• Blocks and ParametersBlocks can also take parametersFor example, our times() method can take a block that takes a parameter. It will then pass a parameter to are blockExample3.times {|n| puts "hello" + n.to_s}

    Here "n" is specified as a parameter to the block through the vertical bars "|"

  • Yieldyield statements go hand-in-hand with blocksThe code of a block is executed when a yield statement called

  • YieldA yield statement can also be called with parameters that are then passed to the blockExample:3.times { |n| puts n}The "times" method calls yield with a parameter that we ignored when we just printed "hello" 3 times, but shows up when we accepted a parameter in our block

  • Yield ExamplesCode:def demo_yieldputs "BEGINNING"yieldputs "END"enddemo_yield { puts "hello" }

    def demo_yield2puts "BEGINNING"yieldputs "MIDDLE"yieldputs "END"enddemo_yield2{ puts "hello" }

    Output:

    BEGINNINGhelloEND

    BEGINNINGhelloMIDDLEhelloEND

  • Parameters, Blocks, and YieldExample:def demo_yield3yield 2yield "hello"yield 3.7enddemo_yield3 { |n| puts n * 3}"n" is the value passed by yield to the block when yield is called with arguments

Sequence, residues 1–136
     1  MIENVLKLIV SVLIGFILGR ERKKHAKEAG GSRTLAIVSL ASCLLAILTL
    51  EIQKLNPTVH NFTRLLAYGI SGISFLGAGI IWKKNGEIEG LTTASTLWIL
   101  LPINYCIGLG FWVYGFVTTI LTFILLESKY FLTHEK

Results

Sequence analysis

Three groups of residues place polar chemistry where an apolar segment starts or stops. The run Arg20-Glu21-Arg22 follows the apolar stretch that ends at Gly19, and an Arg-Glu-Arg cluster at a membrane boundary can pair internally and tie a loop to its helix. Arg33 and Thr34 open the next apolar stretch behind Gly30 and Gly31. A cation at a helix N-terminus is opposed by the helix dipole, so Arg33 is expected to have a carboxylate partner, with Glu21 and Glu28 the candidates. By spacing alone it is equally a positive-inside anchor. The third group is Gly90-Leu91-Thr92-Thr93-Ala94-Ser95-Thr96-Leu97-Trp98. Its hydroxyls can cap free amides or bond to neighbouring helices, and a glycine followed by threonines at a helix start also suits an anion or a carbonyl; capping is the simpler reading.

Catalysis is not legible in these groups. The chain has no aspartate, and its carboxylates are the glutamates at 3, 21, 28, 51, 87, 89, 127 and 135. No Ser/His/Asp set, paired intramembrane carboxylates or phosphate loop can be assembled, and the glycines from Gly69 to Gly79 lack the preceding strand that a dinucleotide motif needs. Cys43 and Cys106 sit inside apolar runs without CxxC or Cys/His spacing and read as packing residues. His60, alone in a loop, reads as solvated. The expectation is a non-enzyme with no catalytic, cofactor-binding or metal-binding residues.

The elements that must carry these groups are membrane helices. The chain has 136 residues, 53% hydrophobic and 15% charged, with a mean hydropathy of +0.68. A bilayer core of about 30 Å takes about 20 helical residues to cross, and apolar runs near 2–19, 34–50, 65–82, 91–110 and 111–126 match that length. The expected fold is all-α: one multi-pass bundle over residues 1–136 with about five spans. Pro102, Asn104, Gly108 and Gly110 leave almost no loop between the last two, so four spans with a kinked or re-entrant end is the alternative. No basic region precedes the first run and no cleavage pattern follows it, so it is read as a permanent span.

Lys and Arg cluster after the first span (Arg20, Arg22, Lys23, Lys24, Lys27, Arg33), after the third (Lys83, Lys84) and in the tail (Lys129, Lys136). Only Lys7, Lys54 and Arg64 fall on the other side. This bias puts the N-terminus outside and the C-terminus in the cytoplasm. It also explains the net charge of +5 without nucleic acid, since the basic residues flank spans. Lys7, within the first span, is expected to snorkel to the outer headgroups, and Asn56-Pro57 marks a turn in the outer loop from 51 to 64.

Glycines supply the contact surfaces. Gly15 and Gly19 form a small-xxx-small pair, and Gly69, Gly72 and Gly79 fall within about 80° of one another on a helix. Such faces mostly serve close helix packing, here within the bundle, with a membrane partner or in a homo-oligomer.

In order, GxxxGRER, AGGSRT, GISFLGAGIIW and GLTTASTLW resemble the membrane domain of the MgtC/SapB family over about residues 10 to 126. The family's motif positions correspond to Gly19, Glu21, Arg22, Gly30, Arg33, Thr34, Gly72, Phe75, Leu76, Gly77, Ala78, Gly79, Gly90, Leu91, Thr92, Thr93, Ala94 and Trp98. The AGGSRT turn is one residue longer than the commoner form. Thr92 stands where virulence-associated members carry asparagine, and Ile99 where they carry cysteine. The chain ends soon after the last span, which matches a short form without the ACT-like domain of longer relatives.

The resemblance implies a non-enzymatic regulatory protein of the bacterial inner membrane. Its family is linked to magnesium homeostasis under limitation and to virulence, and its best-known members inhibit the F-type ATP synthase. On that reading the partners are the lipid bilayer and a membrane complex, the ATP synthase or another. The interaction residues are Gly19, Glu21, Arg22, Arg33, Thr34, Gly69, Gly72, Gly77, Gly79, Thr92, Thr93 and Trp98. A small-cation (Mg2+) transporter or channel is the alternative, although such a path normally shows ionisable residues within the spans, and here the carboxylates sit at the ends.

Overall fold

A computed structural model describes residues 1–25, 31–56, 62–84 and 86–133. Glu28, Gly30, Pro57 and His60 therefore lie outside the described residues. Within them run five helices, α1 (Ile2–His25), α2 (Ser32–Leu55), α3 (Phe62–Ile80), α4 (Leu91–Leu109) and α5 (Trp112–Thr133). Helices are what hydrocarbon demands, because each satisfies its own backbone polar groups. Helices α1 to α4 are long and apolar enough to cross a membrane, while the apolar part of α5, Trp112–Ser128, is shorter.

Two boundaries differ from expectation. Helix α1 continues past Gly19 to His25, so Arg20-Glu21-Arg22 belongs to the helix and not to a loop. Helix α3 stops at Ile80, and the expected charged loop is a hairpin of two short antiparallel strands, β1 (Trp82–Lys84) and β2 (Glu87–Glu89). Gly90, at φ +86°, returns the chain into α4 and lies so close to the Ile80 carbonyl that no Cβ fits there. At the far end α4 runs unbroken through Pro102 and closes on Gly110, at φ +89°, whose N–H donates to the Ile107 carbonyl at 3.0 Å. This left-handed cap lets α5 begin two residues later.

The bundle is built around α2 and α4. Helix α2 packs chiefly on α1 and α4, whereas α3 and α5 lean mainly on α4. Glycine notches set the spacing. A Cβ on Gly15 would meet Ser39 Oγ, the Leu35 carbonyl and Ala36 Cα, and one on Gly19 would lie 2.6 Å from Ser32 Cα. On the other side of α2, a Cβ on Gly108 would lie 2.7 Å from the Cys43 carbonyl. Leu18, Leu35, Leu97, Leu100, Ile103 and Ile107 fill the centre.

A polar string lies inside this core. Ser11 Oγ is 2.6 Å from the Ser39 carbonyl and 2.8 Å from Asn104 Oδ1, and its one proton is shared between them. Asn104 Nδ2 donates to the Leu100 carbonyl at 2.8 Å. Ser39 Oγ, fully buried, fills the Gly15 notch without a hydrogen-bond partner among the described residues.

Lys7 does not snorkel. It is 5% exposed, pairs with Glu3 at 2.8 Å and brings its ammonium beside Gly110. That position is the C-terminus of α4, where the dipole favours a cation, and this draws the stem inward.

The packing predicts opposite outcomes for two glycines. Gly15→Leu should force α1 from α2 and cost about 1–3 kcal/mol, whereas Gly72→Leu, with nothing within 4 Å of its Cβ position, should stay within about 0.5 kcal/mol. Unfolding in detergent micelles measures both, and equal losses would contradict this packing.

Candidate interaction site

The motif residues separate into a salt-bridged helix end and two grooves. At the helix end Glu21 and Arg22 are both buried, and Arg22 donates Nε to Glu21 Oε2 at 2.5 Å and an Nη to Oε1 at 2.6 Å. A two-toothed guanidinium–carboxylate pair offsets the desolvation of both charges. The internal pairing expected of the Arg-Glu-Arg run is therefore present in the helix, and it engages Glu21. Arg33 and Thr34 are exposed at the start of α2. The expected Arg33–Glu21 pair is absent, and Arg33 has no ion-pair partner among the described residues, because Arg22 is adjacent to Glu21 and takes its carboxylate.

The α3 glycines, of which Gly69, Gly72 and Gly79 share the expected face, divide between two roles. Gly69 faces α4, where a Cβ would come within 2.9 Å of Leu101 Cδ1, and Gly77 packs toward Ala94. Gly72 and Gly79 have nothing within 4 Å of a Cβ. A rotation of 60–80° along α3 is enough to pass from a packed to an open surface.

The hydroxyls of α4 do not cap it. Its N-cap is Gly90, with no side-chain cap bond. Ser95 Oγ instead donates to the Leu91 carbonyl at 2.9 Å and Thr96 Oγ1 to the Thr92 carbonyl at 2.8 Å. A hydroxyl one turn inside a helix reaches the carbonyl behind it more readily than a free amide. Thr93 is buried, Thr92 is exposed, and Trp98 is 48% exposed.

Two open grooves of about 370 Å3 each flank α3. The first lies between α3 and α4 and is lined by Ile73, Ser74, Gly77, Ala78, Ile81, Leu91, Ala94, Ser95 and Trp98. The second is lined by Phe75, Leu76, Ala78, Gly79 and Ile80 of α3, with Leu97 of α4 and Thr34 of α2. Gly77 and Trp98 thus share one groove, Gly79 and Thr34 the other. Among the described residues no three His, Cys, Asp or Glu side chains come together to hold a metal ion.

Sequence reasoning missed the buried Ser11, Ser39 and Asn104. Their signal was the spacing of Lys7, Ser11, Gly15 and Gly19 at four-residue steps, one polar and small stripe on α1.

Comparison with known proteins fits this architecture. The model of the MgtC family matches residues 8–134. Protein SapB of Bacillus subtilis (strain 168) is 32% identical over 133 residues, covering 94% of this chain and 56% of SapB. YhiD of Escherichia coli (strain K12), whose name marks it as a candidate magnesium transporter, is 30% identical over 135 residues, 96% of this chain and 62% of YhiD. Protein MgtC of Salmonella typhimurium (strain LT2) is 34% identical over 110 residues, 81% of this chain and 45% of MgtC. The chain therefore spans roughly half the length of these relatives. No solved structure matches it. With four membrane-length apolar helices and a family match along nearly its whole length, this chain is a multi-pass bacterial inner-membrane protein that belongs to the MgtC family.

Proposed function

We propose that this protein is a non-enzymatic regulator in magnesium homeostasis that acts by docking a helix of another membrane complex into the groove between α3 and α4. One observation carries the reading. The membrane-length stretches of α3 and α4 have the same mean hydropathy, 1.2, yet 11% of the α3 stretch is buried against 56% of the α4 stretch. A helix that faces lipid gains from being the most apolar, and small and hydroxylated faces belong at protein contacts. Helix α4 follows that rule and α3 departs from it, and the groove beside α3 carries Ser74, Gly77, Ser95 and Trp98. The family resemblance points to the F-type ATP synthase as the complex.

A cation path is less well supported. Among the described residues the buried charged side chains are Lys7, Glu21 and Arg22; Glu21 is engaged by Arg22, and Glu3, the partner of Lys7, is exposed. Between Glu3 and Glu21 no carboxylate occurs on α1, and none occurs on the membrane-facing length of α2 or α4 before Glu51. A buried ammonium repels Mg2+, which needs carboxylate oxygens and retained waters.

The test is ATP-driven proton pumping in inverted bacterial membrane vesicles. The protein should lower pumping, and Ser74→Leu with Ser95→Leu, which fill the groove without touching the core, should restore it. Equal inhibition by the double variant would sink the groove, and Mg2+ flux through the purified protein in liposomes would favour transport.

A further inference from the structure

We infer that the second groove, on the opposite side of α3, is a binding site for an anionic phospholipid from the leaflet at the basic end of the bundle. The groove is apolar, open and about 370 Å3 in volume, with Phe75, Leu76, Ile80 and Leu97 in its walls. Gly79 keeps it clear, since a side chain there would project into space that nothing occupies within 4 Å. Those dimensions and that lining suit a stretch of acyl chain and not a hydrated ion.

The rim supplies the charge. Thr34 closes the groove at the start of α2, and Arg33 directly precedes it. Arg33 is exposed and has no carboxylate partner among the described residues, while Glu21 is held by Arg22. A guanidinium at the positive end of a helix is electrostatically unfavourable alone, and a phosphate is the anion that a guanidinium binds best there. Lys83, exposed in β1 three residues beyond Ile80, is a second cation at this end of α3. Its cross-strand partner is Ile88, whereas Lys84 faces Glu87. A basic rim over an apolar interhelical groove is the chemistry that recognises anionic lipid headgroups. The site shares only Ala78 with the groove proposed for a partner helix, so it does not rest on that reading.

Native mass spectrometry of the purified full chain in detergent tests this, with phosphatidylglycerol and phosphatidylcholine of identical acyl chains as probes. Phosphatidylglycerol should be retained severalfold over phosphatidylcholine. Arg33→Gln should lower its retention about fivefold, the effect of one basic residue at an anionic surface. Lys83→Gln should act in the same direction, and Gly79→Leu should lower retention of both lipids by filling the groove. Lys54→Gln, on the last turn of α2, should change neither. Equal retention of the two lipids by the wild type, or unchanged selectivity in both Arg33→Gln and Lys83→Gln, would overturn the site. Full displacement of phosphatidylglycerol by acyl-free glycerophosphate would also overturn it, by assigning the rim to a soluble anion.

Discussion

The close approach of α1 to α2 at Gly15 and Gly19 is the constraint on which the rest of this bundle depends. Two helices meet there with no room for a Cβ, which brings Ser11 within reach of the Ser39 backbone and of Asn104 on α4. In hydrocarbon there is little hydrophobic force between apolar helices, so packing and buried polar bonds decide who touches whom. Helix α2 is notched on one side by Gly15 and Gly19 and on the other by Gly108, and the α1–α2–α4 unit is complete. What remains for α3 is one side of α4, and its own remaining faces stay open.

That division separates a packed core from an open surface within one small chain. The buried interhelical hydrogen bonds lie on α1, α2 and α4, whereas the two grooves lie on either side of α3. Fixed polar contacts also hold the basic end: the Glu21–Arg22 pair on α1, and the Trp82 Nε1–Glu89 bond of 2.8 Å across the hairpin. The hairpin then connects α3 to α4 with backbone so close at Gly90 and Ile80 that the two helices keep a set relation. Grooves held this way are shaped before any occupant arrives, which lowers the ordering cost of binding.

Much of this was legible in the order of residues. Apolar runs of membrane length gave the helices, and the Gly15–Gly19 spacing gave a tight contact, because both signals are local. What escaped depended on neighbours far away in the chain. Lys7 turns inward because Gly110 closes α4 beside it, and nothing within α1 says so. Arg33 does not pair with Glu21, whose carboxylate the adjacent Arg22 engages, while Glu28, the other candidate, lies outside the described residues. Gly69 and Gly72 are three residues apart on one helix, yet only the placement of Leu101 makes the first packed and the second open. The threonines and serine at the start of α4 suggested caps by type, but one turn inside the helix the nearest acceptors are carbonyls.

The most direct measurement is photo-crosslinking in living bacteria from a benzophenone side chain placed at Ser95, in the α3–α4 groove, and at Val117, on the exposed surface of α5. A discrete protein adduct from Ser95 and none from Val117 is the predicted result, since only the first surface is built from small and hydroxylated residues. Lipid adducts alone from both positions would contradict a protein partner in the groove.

• IteratorsAn iterator is simply "a method that invokes a block of code repeatedly" (Pragmatic Programmers Guide)Iterator examples: Array.find, Array.each, Range.eachExamples:[1,2,3,4,5].find{ |n| Math.sqrt(n).remainder(1)==0} # finds perfect square[2,3,4,5].find{ |n| Math.sqrt(n).remainder(1)==0} # finds perfect square[1,2,3,4,5].each { |i| puts i } #prints 1 through 5[1,2,3,4,5].each { |i| puts i * i } #prints 1 squared, 2 squared, 5squared(1..5).each{ |i| puts i*i } #prints 1 squared, 2 squared, 5squared

  • Iterators and LoopsCommon to use iterators instead of loopsAvoids off-by-one (OBO) bugsBuilt-in iterators have well defined behaviorExamples0.upto(5) { |x| puts x }# prints 0 through 50.step(10, 2) { |x| puts x }# 0, 2, 4, 6, 8, 100.step(10,3) { |x| puts x }# 0, 3, 6, 9

  • forinSimilar to PHP's foreach:PHP$prices = array(9.00, 5.95, 12.50)foreach($prices as $price){print "The next item costs $price\n"}Rubyprices = [9.00, 5.95, 12.50]for price in pricesputs "The next item costs " + price.to_send